NASA offers the shuttle artifacts free of charge, but the recipients have to cover the cost of moving them to their new homes. That could add up to a mere $23.40 to ship one insulating tile, or $4 million to disassemble, transport and reassemble Texas A&M’s SMS simulator.

It won’t be cheap to move the Seattle Museum of Flight’s new attraction, either. The Full Fuselage Trainer, or FFT, is as big as a shuttle orbiter and looks identical, aside from having no wings. It weighs 90,000 lbs, but unlike an orbiter, it comes apart.

That’s a huge advantage in exhibiting the trainer for museum-goers, says Curator and Director of Collections Dan Hagedorn. “Unlike the actual orbiters, we’re going to be able to afford access, at least limited access, to the Full Fuselage Trainer,” he says. The Museum of Flight plans to separate the forward crew compartment from the rest of the fuselage, installing a transparent barrier so that visitors can see inside the cockpit, which is identical to the cockpits in the flown shuttle vehicles. The museum also is considering turning the trainer’s cargo bay into a small theater for screening interpretive media, and installing a starry panorama in the museum’s ceiling so that the view through the open cargo bay doors looks and feels like the view spacewalking astronauts would have seen.

The FFT was a crucial element of the shuttle program. Every single shuttle astronaut trained in it, and because it is mostly identical to the orbiters, it was often used to solve sudden in-flight engineering problems from the ground.

Hagedorn, too, was hoping for a flown orbiter. The Museum of Flight had even gone so far as to construct a $12 million, climate-controlled building made especially for housing a space shuttle, in the hope of being awarded one of the four vehicles. But Hagedorn now believes the FFT is a bigger, better catch for his visitors.

“Although they are truly awe-inspiring objects, [the orbiters] sit there in their serene virginity and don’t do anything,” he says. “Whereas [with] the full fuselage trainer, we’re actually going to be able to show people how this thing worked. And we’re very excited about that.”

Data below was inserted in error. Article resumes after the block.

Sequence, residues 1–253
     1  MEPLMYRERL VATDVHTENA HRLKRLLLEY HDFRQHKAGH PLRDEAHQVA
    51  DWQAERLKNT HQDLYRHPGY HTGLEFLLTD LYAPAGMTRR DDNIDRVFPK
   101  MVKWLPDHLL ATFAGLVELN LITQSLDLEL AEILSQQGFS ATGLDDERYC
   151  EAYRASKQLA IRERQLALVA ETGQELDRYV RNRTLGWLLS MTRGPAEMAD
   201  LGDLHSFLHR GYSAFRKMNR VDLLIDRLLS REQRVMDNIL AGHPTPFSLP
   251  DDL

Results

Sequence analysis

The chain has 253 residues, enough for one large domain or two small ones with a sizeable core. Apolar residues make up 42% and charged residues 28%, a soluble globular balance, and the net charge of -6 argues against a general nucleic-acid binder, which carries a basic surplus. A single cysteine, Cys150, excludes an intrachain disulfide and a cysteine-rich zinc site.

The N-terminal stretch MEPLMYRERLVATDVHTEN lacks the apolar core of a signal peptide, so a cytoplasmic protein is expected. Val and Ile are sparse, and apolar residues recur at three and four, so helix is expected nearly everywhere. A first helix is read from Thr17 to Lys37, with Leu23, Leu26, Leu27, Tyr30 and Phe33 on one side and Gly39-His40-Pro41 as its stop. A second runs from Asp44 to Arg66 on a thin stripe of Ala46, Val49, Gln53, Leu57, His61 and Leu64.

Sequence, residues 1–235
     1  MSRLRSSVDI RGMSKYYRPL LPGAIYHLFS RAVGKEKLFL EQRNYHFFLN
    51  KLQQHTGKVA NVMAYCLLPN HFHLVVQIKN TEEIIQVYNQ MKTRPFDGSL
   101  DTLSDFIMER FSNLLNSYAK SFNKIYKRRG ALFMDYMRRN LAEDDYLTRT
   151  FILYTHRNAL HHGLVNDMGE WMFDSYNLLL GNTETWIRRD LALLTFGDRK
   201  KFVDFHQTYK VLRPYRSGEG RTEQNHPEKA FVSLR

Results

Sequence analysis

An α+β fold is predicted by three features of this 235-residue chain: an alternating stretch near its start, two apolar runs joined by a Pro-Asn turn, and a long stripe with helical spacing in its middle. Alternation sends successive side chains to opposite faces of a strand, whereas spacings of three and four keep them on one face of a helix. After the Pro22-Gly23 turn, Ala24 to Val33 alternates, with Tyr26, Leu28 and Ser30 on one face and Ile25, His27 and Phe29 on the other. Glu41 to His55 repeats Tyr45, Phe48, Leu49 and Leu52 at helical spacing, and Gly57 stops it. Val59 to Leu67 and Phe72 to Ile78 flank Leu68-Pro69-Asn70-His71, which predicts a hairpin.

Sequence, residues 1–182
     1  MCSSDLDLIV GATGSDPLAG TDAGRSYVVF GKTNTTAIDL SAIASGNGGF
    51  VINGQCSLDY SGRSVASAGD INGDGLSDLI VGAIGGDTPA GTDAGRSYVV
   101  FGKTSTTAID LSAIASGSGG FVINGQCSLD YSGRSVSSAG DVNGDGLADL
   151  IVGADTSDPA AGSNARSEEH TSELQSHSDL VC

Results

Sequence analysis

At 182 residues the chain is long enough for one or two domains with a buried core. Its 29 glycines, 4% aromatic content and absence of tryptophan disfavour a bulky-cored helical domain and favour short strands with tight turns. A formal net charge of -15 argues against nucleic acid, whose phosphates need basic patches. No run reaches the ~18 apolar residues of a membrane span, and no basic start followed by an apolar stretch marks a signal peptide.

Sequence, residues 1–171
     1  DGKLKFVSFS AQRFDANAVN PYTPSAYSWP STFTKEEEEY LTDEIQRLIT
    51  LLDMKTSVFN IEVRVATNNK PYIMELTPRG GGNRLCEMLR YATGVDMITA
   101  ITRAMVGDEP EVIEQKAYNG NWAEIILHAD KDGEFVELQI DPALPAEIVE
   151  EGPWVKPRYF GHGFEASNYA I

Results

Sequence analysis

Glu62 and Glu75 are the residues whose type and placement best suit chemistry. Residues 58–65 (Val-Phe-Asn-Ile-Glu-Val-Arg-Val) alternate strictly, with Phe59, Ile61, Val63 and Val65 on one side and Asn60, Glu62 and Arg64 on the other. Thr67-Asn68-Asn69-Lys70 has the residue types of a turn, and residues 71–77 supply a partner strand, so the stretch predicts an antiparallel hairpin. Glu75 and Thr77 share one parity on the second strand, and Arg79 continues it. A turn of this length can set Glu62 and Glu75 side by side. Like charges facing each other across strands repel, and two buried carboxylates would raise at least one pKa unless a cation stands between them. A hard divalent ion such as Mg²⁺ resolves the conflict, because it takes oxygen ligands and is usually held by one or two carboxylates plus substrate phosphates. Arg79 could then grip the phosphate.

Brigitte Gruener, a science teacher at Mohawk Elementary in Macomb Township, Michigan, sent away for one of the 4,000 shuttle tiles NASA has allocated so far. When she presented it to her students and asked them what they thought it was, she got answers ranging from a piece of Styrofoam to a piece of glass. Then one student said, “that looks like a piece of the space shuttle.” And so it is.

Gruener had her students break into groups and begin researching their little piece of shuttle history (which is numbered) to find out where on the orbiter it may have come from. So far, they think it was from somewhere under one of the cockpit windows.

“It is inspiring to have this very real part of the space program as a part of our science program,” says Gruener. “Every time I hold it I am amazed how far the space program has evolved.”

All the institutions receiving shuttle artifacts relish the opportunity to teach their visitors and students about human spaceflight while helping to preserve its history. Hagedorn and the Museum of Flight have plans to share their high-quality interpretive material with the museums that received actual orbiters (lest they become giant paperweights), and Bailey’s Evergreen will use its artifacts to help explain the science of spaceflight, including, yes, how astronauts go to the bathroom.

NASA has shut down space programs before, says Phillips, but this time the agency may be paying more attention to ensuring that the smaller artifacts find a home. “I think the difference is that in the past, with the rush to the moon, they were in such a hurry, and [NASA had] this concept that spaceflight would be around forever,” he says. “Now I think they’re a little more concerned about the legacy they’re leaving.”